Workforce

Taco Bell franchisee Charter Foods sued for sexual harassment

Two women allege the company knowingly hired a registered sex offender, who harassed them when they were 17-year-old high school students.
Taco Bell
Two woman have filed suit against a Taco Bell franchisee, alleging they were sexually harassed on the job by a registered sex offender. | Photo: Shutterstock.

Two women filed lawsuits against Charter Foods, a franchisee of Taco Bell and other quick-service chains, alleging they were sexually harassed by a convicted sex offender who was their co-worker when they were teenagers.

The lawsuits, filed last month in Wood County Circuit Court in West Virginia, allege that Morristown, Tenn.-based Charter Foods hired Bo R. Gehling, a registered sex offender, to work as a shift supervisor at a Taco Bell in Parkersburg, W. Va., the day after he was released from prison for violating his probation.

Charter Foods knew of Gehling’s status as a sex offender, the lawsuit stated, and he repeatedly harassed Madison Jones and Kelsey Wilson, who were then 17 years old, at separate times between 2020 and 2022.

Reached by phone at company headquarters, a Charter Foods representative declined to comment on the pending litigation. Charter Foods, which is owned by NASCAR team owner Bob Jenkins, also operates Long John Silvers, KFC and A&W restaurants in the South and Northeast, according to court documents.

Neither Taco Bell nor parent company Yum Brands are named in the lawsuit.

“I was constantly humiliated by my superior and felt uncomfortable working with him at the Taco Bell restaurant,” Wilson said in a statement, adding that Gehling would touch her inappropriately and invade her personal space, while also making sexually explicit comments. “After making numerous reports and not seeing any changes, I realized Charter Foods did not care about what was happening at the restaurant or to me. They simply turned a blind eye to the dangerous situation I was put in.”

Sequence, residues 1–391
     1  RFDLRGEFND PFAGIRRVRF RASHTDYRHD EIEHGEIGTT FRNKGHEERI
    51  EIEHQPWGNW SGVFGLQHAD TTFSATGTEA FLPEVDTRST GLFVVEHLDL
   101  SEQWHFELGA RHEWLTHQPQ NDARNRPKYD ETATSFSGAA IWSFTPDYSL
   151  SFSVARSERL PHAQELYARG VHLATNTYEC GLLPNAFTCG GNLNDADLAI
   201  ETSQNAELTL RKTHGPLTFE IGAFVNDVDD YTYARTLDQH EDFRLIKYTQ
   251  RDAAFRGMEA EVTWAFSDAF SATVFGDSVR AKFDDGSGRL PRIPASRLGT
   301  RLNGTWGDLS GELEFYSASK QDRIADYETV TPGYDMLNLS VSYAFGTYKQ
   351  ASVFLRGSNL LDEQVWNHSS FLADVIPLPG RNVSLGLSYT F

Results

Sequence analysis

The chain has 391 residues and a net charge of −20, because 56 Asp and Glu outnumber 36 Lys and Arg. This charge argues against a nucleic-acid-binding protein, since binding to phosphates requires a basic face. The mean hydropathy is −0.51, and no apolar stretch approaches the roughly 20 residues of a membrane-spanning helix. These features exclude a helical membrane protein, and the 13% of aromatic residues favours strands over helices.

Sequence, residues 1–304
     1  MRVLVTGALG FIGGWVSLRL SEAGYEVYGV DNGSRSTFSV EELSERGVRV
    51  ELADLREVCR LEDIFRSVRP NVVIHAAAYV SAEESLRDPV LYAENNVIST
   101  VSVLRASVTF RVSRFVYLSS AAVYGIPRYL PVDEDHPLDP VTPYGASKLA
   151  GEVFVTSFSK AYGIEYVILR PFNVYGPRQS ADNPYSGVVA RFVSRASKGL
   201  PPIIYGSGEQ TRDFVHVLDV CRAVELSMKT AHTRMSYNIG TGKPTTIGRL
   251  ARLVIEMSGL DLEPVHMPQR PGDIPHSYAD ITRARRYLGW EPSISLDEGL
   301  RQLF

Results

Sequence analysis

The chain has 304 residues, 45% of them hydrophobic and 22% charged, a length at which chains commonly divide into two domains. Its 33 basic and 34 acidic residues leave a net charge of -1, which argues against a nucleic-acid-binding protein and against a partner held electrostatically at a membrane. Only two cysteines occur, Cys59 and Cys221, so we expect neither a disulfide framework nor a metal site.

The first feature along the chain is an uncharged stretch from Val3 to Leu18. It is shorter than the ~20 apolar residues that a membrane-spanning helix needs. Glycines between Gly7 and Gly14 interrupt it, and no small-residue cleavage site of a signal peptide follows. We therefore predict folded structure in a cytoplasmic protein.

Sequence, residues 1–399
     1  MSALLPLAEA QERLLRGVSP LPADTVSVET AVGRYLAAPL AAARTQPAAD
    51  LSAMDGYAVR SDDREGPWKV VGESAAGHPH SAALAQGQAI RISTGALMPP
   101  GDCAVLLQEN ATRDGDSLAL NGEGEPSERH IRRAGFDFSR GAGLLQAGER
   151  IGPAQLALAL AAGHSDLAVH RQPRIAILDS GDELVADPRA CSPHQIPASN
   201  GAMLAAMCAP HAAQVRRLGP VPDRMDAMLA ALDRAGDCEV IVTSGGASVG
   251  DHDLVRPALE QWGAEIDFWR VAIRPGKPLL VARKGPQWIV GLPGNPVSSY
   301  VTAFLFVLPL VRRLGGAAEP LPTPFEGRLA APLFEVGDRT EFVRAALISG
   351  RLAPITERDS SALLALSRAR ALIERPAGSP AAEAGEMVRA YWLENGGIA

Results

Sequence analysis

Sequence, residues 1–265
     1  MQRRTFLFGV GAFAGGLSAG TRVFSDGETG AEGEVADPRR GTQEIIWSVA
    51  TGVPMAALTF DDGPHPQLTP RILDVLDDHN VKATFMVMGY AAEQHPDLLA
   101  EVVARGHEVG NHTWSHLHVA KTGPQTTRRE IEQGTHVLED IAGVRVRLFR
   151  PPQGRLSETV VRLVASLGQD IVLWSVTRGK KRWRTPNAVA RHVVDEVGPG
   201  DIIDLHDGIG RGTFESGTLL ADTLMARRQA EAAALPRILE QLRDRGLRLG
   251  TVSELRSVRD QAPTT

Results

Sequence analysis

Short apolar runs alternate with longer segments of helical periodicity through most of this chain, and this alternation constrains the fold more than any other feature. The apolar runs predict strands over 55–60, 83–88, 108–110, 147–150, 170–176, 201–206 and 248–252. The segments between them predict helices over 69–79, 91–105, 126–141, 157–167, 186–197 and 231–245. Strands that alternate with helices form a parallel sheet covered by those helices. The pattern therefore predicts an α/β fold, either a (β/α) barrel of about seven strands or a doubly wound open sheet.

Wilson said Gehling’s actions intensified after she reported his behavior to restaurant management. She eventually left the job.

The lawsuits claim Charter Foods endangered its workers by not conducting criminal background checks, drug and alcohol tests, or a sex offender registry search as part of its hiring process.

Gehling worked the night shifts alongside minors without any additional supervision, according to the lawsuit.

“The core of these lawsuits comes down to not having an effective safety system to protect employees, especially minors, from sexual harassment,” attorney Todd Bailess of Bailess Law Firm, who is representing the plaintiffs, said in a statement. “Rehiring a known sex offender the day after he was released from prison and allowing him to supervise minors is reckless, jeopardizing the safety of Taco Bell’s employees and customers.”

The plaintiffs are seeking jury trials, as well as unspecified punitive damages.

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